The Arkells are five guys who met at McMaster University and recorded their first EP, Deadlines, in 2006. The band is noted for its passion and energy in live performances and their clever and socially relevant song lyrics.
Jackson Square, the band’s first full-length album, will be released October 28, 2008 by Toronto indie label Dine Alone Records. The following are notes from an interview with the band’s lead vocalist, Max Kerman.
Conditions of Creativity
If I knew what I needed in order to be creative I might have a more consistent creative output! Creativity comes at different times for me. It often comes when I have a lot going on in my life. Having a lot of free time does not always equal writing more music or lyrics.
I think many songwriters can agree that creativity often occurs when there is some kind of conflict in your life, as it motivates you to address issues that you might put on the back burner.
On ?Hugo Chavez?
I am interested in telling interesting stories about people and Chavez has an interesting story. The song is specifically about the time Chavez spent in prison after a failed coup in the early 1990s, before he became the president of Venezuela. It’s a story that many revolutionary leaders have experienced: being exiled or jailed and using that time away to grow personally, learning more about the cause You’re fighting for.
Books, Music, and Film
There are many records which have had a profound effect on the way we think about music, and the way we think about creating an entire album: e.g., The Weakerthans? Reconstruction Site; The Band’s Brown Album; Ben Folds Five, Whatever and Ever Amen; Bruce Springsteen’s first record, Greetings from Asbury Park; Spoon’s most recent album, Ga Ga Ga Ga Ga; and The National’s Boxer. This week I’ve been listening to ELO’s greatest hits and the new Kings of Leon record.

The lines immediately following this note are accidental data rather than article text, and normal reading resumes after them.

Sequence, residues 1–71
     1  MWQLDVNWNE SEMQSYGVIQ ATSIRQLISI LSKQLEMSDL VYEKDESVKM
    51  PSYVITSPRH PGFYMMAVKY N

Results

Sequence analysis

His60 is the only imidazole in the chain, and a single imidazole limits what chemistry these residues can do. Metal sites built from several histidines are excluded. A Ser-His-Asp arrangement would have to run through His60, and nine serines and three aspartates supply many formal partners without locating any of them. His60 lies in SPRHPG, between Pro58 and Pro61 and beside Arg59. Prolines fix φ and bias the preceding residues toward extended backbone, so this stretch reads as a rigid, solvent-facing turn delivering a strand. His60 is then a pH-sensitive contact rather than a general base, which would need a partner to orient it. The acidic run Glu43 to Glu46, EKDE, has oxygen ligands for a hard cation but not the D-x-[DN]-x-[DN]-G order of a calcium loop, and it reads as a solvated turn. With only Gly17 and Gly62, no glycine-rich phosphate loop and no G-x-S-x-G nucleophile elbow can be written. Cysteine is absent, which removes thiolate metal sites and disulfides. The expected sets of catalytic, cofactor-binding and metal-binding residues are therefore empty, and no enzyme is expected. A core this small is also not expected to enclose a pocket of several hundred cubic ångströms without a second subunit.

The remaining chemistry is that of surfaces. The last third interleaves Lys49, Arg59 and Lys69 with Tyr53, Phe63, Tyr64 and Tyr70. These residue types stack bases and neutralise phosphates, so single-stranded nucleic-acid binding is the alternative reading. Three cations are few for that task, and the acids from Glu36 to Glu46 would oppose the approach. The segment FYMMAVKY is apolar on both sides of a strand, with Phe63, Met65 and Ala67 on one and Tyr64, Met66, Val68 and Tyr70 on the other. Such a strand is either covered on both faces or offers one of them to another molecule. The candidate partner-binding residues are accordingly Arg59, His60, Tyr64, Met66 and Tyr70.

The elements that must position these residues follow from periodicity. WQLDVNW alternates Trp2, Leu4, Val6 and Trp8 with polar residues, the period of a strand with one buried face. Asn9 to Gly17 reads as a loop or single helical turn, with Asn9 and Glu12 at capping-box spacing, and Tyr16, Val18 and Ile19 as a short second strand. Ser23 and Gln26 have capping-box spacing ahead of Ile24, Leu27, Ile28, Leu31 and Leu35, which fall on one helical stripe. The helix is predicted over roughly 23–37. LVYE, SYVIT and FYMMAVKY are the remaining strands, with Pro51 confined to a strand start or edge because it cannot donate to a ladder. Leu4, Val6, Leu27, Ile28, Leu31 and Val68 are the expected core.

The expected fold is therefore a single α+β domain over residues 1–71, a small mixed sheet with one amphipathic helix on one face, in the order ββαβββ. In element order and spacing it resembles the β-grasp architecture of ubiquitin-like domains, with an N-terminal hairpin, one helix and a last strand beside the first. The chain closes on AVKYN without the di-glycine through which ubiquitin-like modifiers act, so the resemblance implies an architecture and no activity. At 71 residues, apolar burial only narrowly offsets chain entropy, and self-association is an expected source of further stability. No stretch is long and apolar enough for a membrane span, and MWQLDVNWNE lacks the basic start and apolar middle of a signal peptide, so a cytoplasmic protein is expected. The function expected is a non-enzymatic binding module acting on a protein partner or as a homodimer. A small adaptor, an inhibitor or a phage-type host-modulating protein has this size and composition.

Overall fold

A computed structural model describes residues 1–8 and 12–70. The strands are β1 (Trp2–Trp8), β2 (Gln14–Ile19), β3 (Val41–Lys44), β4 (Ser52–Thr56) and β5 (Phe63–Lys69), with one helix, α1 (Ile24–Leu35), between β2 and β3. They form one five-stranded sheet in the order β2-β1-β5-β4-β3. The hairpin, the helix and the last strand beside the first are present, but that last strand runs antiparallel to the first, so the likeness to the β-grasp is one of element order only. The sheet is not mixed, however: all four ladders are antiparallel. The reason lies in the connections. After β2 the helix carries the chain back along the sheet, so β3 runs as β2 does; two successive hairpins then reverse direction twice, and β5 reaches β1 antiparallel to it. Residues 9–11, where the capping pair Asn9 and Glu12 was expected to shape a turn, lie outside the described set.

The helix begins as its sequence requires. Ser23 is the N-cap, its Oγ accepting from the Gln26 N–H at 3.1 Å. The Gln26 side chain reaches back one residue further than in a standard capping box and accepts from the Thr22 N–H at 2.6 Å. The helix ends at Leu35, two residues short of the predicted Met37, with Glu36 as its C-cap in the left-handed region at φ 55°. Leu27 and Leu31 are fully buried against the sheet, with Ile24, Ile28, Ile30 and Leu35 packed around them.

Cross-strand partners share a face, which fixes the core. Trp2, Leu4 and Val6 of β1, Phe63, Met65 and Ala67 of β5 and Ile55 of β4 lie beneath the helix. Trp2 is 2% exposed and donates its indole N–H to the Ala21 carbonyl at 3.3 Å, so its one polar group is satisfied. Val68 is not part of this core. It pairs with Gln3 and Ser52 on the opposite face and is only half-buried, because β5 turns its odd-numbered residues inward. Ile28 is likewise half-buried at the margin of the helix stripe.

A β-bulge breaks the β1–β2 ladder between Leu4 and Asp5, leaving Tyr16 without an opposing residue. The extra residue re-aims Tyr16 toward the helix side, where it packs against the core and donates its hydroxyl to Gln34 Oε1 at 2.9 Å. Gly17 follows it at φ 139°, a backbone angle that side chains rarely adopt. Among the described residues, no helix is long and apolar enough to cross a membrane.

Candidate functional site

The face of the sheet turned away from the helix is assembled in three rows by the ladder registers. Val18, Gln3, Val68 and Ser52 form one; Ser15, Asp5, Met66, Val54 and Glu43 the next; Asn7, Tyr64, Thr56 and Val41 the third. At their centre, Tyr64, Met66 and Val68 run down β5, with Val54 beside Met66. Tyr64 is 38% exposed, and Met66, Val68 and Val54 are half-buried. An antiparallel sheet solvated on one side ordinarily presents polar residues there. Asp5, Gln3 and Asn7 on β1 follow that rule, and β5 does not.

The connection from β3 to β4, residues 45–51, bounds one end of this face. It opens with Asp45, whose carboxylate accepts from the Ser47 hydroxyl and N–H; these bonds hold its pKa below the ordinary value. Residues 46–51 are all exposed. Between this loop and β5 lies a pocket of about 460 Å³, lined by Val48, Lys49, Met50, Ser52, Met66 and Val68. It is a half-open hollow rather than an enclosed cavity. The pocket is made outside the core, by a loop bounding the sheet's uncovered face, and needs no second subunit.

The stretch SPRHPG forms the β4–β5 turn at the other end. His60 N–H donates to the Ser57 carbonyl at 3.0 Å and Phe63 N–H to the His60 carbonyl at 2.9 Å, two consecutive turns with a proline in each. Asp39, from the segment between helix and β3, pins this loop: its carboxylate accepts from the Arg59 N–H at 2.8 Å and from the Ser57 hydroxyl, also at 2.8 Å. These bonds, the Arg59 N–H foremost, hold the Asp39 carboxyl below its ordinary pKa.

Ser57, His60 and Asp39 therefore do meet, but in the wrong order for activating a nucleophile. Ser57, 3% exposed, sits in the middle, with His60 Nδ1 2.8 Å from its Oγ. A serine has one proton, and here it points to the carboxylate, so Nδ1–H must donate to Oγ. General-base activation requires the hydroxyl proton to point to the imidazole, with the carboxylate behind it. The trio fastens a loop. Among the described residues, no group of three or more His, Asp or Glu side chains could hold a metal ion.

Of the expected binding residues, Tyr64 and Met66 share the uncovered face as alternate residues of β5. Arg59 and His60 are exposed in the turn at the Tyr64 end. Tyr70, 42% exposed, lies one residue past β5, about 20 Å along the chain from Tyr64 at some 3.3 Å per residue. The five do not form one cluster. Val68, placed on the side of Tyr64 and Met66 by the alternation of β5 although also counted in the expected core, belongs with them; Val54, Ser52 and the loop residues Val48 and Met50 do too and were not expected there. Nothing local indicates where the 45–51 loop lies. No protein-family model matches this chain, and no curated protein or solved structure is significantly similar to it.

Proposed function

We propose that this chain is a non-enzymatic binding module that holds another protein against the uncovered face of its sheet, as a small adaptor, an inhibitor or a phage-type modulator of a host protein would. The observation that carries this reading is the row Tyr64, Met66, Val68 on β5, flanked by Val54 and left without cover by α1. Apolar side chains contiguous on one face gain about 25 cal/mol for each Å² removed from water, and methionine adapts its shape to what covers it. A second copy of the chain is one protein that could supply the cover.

Everyone has different tastes in books. I really enjoyed Dave Eggers’s What is the What.
Last tour we enjoyed watching the Woody Allen movie Match Point.
On Being Political
On Jackson Square a handful of the songs have themes that might be considered socially conscious. I wouldn’t consider ourselves a political band but we are interested in writing songs and telling stories that deeply resonate with us in some way and some of those songs happen to be songs about social issues.
As far as political ideologies or religious beliefs go we believe in tolerance, neighbourliness, and the golden rule. We are still not sure which religion those things fall under.
I generally come up with chord/melody ideas with some lyrics and bring them to the rest of the band. Then there’s a lot of arranging, practice, and discussion. As a band we are pretty good at telling when the song is ?there? and when it needs more work.
Tim and Dan are the most technically sound musicians in the band. They spent most of their childhood and teenaged years getting good at their instruments and they are fantastic players now. Mike, Nick, and I all played in bands in high school and have learned a lot from Tim and Dan.
For a typical rehearsal we show up to Dan’s house about twenty minutes later than we agreed. Then Dan’s parents leave to go out for dinner. We set up and rehearse the tunes. Then Dan’s mum comes home and tells us to wrap it up.
Tour, tour, tour. With Matt Mays and El Torpedo.